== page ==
Feedback is a word that can often make people feel quite uncomfortable. It isn’t easy to give honest feedback to someone, especially when that feedback isn’t always complimentary. Moreover, it can be very difficult at times to receive feedback – positive or constructive. But it is important for development to get an honest and open understanding of how you perform, how you are around others and what works or doesn’t work in some contexts.
It is time to break the mould and get honest with one another.
At Oasis we encourage a culture of 360° feedback, peppered with ‘do well’s and ‘do differently’s. The formal process of 360 involves getting feedback from a variety of colleagues covering several features about how you are at work: whether you display behaviours in line with the values and ethos of the organisation, your relationships with your colleagues, how you manage conflict, what you have done really well etc. This is then reviewed and sorted in a way that is helpful and clear to understand.
Informally, feedback is encouraged throughout the working week between colleagues and managers, staff and students – going both ways! It is important that feedback can go both up and down the management relationship in order to create a fully productive working environment with healthy, open relationships.
But how can you give feedback well?
Giving feedback can feel daunting, especially if it is less than complimentary. We recommend the following advice to be able to deliver feedback effectively:
· Pick the right time – It is important to address what you want to say (both when appraising and constructive) at the right time. Make sure that you are feeling confident with what you want to say, they are in the right space to receive feedback and not during a crisis or a bad spell, and make sure that you don’t leave it too long. Putting awkward conversations off can be detrimental to trust, especially if you bring something up that happened weeks or months ago later.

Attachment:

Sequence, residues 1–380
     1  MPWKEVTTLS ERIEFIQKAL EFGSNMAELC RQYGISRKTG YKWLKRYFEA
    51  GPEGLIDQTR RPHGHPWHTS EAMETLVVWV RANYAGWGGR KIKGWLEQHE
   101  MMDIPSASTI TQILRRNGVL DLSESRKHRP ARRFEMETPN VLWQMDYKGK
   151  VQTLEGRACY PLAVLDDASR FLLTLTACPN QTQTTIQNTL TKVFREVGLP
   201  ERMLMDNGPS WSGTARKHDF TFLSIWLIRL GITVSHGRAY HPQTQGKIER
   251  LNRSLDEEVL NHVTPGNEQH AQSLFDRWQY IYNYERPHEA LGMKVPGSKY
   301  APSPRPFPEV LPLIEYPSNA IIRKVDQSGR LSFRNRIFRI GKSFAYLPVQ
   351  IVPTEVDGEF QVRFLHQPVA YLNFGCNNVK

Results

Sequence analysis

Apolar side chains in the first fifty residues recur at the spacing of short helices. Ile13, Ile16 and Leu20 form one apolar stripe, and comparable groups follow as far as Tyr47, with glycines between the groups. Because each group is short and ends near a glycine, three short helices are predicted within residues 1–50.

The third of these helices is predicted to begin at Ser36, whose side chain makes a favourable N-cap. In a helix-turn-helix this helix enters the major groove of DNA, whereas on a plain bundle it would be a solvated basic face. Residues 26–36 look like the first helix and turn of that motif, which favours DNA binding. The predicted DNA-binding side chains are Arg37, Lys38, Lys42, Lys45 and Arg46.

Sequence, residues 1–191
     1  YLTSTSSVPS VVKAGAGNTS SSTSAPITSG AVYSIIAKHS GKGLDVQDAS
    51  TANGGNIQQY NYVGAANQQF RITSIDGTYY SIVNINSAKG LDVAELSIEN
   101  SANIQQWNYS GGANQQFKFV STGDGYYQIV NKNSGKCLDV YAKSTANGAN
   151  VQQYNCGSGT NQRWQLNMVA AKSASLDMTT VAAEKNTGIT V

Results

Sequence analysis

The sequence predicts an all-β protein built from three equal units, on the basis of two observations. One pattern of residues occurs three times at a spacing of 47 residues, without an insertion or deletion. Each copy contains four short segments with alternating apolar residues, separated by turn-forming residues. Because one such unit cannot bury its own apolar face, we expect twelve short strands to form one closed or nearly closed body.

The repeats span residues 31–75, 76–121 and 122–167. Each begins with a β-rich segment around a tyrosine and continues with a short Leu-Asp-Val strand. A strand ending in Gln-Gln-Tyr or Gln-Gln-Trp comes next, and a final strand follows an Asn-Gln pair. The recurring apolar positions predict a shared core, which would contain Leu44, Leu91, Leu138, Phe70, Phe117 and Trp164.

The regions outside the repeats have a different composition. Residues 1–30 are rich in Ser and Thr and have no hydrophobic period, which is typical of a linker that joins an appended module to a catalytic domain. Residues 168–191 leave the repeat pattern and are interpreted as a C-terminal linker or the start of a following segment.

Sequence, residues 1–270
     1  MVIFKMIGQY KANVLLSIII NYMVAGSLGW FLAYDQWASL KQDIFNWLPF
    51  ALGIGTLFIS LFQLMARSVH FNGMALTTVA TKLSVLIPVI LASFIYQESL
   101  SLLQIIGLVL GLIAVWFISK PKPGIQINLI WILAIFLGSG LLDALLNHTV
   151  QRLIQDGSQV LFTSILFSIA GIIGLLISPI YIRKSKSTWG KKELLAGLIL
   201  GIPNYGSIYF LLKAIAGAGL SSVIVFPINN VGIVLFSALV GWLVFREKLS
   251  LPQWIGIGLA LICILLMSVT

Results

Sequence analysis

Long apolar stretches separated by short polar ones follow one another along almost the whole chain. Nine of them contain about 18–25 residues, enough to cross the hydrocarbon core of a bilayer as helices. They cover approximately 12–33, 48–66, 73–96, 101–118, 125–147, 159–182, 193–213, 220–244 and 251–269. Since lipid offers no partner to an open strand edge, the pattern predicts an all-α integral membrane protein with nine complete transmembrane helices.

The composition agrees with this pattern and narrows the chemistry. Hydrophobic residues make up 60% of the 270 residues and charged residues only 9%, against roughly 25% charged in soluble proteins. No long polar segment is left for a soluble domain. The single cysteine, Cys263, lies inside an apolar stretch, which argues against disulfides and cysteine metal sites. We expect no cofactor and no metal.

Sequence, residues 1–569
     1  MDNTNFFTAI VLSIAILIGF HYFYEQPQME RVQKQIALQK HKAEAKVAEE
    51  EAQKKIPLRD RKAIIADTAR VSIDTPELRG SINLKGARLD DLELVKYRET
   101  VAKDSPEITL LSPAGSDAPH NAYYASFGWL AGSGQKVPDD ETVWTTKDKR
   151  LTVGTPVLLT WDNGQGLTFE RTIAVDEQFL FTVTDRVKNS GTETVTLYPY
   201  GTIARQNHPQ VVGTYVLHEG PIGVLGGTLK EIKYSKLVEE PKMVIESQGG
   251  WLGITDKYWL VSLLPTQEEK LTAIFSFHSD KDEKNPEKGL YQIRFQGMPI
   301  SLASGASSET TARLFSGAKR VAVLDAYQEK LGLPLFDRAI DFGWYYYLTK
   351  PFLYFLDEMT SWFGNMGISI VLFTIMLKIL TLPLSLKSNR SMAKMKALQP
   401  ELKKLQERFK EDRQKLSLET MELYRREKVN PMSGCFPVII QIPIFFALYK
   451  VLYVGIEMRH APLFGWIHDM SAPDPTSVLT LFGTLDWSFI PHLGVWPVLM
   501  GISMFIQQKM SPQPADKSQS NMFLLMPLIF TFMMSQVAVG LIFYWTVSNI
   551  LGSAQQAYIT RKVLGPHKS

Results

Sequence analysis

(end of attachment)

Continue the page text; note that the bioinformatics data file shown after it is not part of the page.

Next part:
· Pick the right setting – Don’t give feedback that is sensitive out in the open. Make sure you choose a safe space where both of you can feel comfortable having the conversation in private.
· Understand what you are feeding back – This is possibly the most difficult part of giving feedback. It is important for your relationships that you are fully aware and prepared with what you want to say and how you are going to say it. Think about the words you want to use. Don’t speak in the heat of the moment, but take time to reflect on who you are going to talk to and what type of approach suits their personality best. You can make notes if you need to, but avoid getting too many out mid conversation. Take some time, think and breathe.
· Example your feedback – Feedback can be more powerful if you are able to give examples to demonstrate the point you are making. By saying “I was really impressed with your presentation last Wednesday. I really thought you had the attention of everyone in the room and there was a respect for your knowledge, especially when you spoke about XXX” you are going to do more for personal development than “Great job on your presentation”.